Objectivity and Subjectivity – What’s In A Good Review?

There’s been more than a few words exchanged on the subjectivity of game reviews. Just earlier this year IGN preemptively gave Prey a 4/10 review on the very objective basis that their copy was bugging out and the internet collectively went crazy over it. Jim Sterling was bashed over his 7.5/10 rating of Breath of the Wild despite publicly proclaiming that he liked the game – just not some features that he found frustrating and unnecessary. That’s before we get into anything echoing Gamergate – reviews marred by political opinion, personal beliefs regarding sex and gender, ethical development practices and the like.

And then there’s the Steam storefront page – the gaming equivalent of Amazon’s often hilarious review section, except in cases like GTA V’s where the internet dragged it down in negative reviews as a form of protest. In other cases, reviews get taken off Steam by unscrupulous devs trying to hush up bad press.

Realistically speaking there’s no perfect way to get a truly objective review, given the scale of the videogames market and the variance in lifestyles among players. Something with microtransactions may irritate most reviewers, but someone with more money and less free time might see this as a convenient shortcut to cut down on tedious grinding. Other people might encounter technical issues as in the case of Prey – and receive flak from other people waxing lyrical about what to them was a perfect first date. Add to this the culture of assigning a numerical value to a game review and you get the current state of games press, where some would argue that we’re in need of a numerical value to describe the review.

Obviously you’re entitled to rate a game lower because something ticked you off – if you asked me to review most online shooters with voice chat for example, I probably wouldn’t rate any of them highly because of the company I’d end up keeping. (disclosure: I’m a woman and I’m bad at aiming, and while those are generally mutually exclusive, they’re a bad combination to have in PvP shooters where you’re getting cussed at by some stranger.) Consequently games end up getting rated higher because of good things, and while many people can agree on good features and interesting mechanics, other people might just look at them and say “eh”. Going back to the shooters example, if you told me that a game had an accurate-to-real-life ammunition and reload system I might just look at you funny and wonder how that’s supposed to be helpful to someone trying to keep their ELO from dropping.

You’d think that Metacritic existing would make things easier – why not aggregate all of the scores? This sort of muffles the amount of subjectivity some reviews have by just lumping them in against the background of general consensus. But then you’d still get the one-off outlier reviews like Dan Stapleton’s and Jim Sterling’s where they gave their scores based on genuine concerns – concerns that DID surface frequently in the days to come as other players (even on Playstation!) encountered the same bugs in Prey, and Breath of the Wild’s departure from Zelda tradition sparking a healthy amount of discussion across channels.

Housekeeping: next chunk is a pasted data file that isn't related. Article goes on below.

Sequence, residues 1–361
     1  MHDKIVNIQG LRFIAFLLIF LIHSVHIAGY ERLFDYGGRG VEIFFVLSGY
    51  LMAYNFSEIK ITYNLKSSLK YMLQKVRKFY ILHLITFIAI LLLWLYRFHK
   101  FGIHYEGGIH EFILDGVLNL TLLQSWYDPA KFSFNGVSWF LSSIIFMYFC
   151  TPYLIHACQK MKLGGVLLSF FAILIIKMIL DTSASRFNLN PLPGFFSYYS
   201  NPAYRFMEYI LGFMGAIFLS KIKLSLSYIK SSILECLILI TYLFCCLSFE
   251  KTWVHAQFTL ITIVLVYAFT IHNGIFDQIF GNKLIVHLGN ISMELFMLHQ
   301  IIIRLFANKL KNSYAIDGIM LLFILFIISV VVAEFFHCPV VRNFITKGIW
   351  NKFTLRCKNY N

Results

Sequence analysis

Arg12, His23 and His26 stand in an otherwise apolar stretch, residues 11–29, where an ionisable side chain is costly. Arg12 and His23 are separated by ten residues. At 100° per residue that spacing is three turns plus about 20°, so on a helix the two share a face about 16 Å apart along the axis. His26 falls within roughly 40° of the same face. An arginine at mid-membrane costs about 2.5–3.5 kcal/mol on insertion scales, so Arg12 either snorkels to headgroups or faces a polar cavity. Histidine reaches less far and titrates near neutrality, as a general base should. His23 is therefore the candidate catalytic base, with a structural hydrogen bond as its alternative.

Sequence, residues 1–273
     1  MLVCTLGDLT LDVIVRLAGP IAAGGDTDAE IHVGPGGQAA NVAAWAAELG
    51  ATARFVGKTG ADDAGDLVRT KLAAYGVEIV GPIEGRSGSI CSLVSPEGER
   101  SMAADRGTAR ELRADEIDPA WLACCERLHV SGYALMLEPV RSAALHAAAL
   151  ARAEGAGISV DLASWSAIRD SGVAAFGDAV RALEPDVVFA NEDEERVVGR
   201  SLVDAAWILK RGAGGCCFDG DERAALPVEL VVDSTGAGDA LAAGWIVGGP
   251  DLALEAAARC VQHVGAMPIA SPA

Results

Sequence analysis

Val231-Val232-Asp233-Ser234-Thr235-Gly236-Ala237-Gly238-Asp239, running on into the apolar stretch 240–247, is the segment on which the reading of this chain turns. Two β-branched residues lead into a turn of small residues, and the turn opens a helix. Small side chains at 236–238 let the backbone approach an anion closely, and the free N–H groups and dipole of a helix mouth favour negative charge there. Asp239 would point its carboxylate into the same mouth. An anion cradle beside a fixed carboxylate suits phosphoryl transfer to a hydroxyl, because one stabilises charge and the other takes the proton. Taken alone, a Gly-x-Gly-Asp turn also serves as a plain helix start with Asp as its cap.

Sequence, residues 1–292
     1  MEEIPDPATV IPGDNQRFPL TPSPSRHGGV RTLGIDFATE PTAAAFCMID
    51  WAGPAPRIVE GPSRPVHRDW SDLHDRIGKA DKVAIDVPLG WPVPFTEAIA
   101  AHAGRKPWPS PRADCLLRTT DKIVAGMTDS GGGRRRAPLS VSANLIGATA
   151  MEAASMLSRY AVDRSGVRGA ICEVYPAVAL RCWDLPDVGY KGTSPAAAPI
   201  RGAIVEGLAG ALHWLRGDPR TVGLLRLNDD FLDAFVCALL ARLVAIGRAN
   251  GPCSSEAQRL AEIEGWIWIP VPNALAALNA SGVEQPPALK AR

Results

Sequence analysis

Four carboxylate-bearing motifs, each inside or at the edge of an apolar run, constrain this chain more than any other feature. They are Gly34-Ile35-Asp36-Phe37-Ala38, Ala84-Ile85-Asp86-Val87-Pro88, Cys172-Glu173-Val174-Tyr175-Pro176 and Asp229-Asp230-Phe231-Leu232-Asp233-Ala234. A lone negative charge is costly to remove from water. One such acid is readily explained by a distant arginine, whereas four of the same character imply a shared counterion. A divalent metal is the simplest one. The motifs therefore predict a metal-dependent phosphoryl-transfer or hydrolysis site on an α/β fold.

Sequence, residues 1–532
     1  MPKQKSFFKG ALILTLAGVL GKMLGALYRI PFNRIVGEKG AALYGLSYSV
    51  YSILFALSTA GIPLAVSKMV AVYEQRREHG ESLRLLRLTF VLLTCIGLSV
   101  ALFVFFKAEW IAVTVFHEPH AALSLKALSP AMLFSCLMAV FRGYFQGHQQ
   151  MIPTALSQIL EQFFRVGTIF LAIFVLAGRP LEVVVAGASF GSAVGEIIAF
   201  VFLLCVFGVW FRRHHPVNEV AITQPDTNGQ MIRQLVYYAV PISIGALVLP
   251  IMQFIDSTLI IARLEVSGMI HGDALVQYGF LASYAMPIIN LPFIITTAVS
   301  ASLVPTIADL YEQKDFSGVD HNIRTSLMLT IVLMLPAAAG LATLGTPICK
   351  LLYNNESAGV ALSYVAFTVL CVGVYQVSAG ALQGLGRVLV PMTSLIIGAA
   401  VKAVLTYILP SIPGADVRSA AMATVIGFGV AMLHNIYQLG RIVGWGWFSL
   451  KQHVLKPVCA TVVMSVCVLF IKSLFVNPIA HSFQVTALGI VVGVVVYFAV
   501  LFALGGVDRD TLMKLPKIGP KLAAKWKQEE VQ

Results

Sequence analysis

There is some culture in consensus, as the backlash to both incidents proves. If you like a game and see it getting negative press, you react to it. Likewise, it feels good to see a favorite game get rated highly. I’d go out on a limb and suggest that some players (as opposed to developers) get personally offended by bad reviews. So why not just ignore the review if you don’t like it? Maybe check out the background of the person doing the review – if someone playing Mass Effect Andromeda is doing so as a newcomer to the franchise, or if someone rating the latest Dynasty Warriors low because of questionable costumes happens to also be linked to a lot of Gamergate-flavored content.

Despite this there is merit to reviews being subjective, as this lets you get opinions from people with specific tastes and figure out if these affect your decision to actually purchase the product. Usually the problem just lies in people having different metrics for good and bad, leading to people getting offended at a positive 7/10. Which does lead to another problem where reviewers (including myself) are hesitant to give game reviews below a seven, because it feels like anything below that makes the game unsalvageable, never mind that the scores are on a scale of 1 to 10.

This reviewer does recommend that readers pull a Metacritic and read at least a few reviews from different sources, at the very least, and not to blindly nod when someone gives things a good score – it’s worth noting that the best reviews are those that criticize as well as compliment.